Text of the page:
Supremacy - the unbeaten AS single scullers
Both Tom Aggar of Great Britain and Alla Lysenko of Ukraine have won every race they have contested in the AS single sculls. They are unbeaten.
Aggar, who started rowing in 2007, is the four-time World Champion, defending Paralympic Champion and until yesterday, holder of the World Best Time in the AS men’s single sculls. Lysenko is a two-time World Champion and holder of the World Best Time in the AS women’s single sculls. She started rowing in 2009.
How does it feel to be unbeaten and favourite for Paralympic gold?
Lysenko doesn’t like to think about it: “I don’t like it when people call me a leader, or a favourite,” she admitted.
Tom Aggar has a similar attitude. “I’m confident in my preparations but everyone steps up their game at the Paralympics so all I can do is my personal best and hope that is good enough.”
Yesterday, during the heats, their unbeaten streak was maintained, although fresh challenges to their supremacy reared their heads. Aggar had a fast start in his heat, before taking his foot off the gas in the second half of the race to cruise to a five second victory over Korea’s Jun Ha Park, much to the home crowd’s delight.
“The race went to plan. On Sunday, I just want to go out there and produce my personal best,” said Aggar.
Will his personal best be good enough? Capacity crowds at Eton-Dorney were surprised to see emergence of Cheng Huang of China who won his heat and in the process smashed Aggar’s World Best Time. Russia’s Aleksey Chuvashev, one of Aggar’s rivals over the past few years, was also inside Aggar’s previous best time in the heats finishing just behind Huang.
“Rowing means a lot in my life,” commented Huang, “and I have trained very hard for this. I am happy to compete in my first Paralympic Games.”
Aggar and Huang progressed directly to the final and were able to watch the repechages on Saturday from in comfort. Meanwhile, following Saturday’s repechages, Chuvashev, Park, Erik Horrie of Australia and Luciano Luna de Oliveira of Brazil will join Huang and Aggar in the final.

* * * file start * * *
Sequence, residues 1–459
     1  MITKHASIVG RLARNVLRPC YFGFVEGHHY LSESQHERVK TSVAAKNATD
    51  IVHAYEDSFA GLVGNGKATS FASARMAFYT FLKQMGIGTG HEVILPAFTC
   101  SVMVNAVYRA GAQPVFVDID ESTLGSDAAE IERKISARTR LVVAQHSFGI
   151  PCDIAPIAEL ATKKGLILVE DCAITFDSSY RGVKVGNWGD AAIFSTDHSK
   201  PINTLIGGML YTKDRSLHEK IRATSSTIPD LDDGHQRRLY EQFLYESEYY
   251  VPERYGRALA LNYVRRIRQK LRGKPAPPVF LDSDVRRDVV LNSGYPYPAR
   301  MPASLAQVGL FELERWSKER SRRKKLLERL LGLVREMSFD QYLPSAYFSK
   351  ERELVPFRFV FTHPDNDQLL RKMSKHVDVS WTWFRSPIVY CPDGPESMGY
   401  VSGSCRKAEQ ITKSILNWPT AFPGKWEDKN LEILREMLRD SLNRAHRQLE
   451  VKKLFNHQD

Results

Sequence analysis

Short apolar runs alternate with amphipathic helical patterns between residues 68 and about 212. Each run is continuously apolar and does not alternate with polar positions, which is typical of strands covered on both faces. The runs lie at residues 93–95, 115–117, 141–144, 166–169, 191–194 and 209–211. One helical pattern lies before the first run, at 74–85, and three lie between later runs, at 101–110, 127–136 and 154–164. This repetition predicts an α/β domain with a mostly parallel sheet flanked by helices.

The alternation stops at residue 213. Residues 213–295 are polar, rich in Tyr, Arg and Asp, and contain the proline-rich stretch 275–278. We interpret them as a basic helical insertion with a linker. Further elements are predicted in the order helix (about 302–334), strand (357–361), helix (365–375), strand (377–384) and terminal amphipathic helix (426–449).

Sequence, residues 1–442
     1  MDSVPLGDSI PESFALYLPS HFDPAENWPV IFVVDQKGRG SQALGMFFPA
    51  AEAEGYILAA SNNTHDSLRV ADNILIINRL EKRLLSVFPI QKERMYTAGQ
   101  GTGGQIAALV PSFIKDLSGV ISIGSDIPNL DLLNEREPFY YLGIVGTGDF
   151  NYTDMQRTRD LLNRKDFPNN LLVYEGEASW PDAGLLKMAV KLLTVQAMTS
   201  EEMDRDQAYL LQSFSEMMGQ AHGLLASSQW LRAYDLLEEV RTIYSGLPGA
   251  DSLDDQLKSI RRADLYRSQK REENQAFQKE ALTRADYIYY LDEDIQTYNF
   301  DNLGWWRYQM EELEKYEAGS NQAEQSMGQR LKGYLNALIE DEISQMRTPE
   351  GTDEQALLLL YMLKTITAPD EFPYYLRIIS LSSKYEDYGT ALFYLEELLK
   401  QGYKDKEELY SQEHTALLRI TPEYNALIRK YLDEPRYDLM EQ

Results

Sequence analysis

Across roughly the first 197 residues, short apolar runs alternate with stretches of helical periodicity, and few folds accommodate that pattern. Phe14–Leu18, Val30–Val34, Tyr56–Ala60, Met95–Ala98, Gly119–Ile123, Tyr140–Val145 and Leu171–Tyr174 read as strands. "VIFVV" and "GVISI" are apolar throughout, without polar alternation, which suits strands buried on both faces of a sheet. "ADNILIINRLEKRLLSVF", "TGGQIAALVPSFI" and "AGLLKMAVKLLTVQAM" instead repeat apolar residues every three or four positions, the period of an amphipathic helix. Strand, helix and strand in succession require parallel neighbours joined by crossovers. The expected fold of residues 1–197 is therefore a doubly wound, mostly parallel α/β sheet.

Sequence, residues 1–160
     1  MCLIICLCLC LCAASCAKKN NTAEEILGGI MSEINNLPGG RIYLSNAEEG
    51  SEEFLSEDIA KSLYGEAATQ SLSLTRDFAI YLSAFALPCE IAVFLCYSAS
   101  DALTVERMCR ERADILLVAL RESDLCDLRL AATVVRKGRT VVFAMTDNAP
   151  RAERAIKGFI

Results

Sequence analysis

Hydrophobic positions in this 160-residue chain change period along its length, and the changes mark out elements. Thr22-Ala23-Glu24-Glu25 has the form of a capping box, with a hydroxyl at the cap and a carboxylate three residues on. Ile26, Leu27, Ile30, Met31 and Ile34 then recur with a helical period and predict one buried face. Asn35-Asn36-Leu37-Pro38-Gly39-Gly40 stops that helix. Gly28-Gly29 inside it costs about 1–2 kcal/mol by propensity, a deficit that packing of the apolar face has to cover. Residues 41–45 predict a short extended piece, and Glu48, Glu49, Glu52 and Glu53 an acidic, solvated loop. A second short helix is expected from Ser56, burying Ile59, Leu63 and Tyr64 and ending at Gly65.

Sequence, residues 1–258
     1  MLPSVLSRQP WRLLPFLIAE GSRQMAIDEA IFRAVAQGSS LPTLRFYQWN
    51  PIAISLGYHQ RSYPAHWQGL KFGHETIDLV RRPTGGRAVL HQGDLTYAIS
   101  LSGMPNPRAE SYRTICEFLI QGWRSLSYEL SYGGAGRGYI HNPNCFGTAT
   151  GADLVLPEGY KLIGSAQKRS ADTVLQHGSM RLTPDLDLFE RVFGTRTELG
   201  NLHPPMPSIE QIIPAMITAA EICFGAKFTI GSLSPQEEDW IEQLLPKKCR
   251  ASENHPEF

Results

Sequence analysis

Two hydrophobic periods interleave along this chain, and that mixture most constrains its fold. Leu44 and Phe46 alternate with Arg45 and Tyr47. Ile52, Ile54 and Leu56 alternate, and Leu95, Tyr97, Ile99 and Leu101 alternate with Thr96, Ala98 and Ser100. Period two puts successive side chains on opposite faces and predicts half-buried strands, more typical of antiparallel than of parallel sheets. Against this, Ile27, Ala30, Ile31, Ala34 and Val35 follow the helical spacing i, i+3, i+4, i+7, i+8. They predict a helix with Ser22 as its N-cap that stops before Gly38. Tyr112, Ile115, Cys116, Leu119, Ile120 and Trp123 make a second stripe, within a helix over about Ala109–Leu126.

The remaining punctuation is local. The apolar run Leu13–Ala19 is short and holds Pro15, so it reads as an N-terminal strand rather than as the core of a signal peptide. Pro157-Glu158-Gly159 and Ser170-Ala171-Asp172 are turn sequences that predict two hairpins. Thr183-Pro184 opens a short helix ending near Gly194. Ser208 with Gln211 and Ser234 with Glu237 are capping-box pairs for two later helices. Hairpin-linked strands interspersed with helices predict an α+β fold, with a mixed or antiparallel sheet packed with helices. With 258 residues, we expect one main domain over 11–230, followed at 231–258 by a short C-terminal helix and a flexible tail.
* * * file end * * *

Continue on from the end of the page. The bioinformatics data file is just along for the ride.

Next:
When asked about the rowing the repechages, Horrie was relaxed: "It didn't concern me. That's the joys of rowing. There is no easy option. I had a good row, I enjoyed it. I would have been out on the water today anyway. I will approach the final the same as today. I am confident, but I'll take nothing for granted. Everyone is in there fighting for a medal."
Luna de Oliveira qualified for the men’s single at the Final Paralympic Qualification Regatta in May this year and he appears to be getting stronger with each row.
“I am very happy because in the heat I was passed at the end by the Ukraine and New Zealand rowers and this time I passed them,” said Luna de Oliveira. “I am very confident for the final. I'll have to row another strong race but I'm willing to do what it takes."
In the AS women’s single sculls, Lysenko’s strength still looks formidable following Friday’s heats, but in her own words: “Nobody knows about the final on Sunday. It could be hard today and easy on Sunday, or easy today and hard in the final. It’s unpredictable.”
Liudmila Vauchok of Belarus is likely to be a strong challenger. Vauchok, a Winter Paralympic gold medallist in skiing and silver medallist in the single from the Beijing Paralympic Games, won her heat in the single and is yet to race Lysenko at this regatta.
“It’s better to be able to give my all in the final. My plan was to get straight to the final. For the final, I will ask that God helps me,” said Vauchok.
Nathalie Benoit of France, who raced Lysenko in the heats, finishing second, will also be in the quest for the medals after winning her repechage on Saturday over Joan Reid of Canada.
Benoit remained realistic about her chances: "Tomorrow will be difficult because we all know who is going to win. Even if she is ill, I think Lysenko will still have enough. The rest of us are fighting for two places on the podium."
Moran Samuel of Israel and Claudia Santos of Brazil will also challenge after progressing from the repechage.
Moran Samuel’s enthusiasm is contagious: “I'm so excited. I can't explain how I feel. The crowd is amazing, they gave me enormous strength. It was important to win today to get a good lane. My first race is always my worst, so I always have to race the repechages."
She also agreed with Benoit - Lysenko is the sculler to beat: "We all want to win gold but realistically Lysenko is unbeatable. There are four other strong competitors fighting for two medals."
The AS women’s single sculls final will be raced at 10:50 (GMT) on Sunday 2 September, 2012 and the AS men’s single sculls final will get under way at 11:10 (GMT).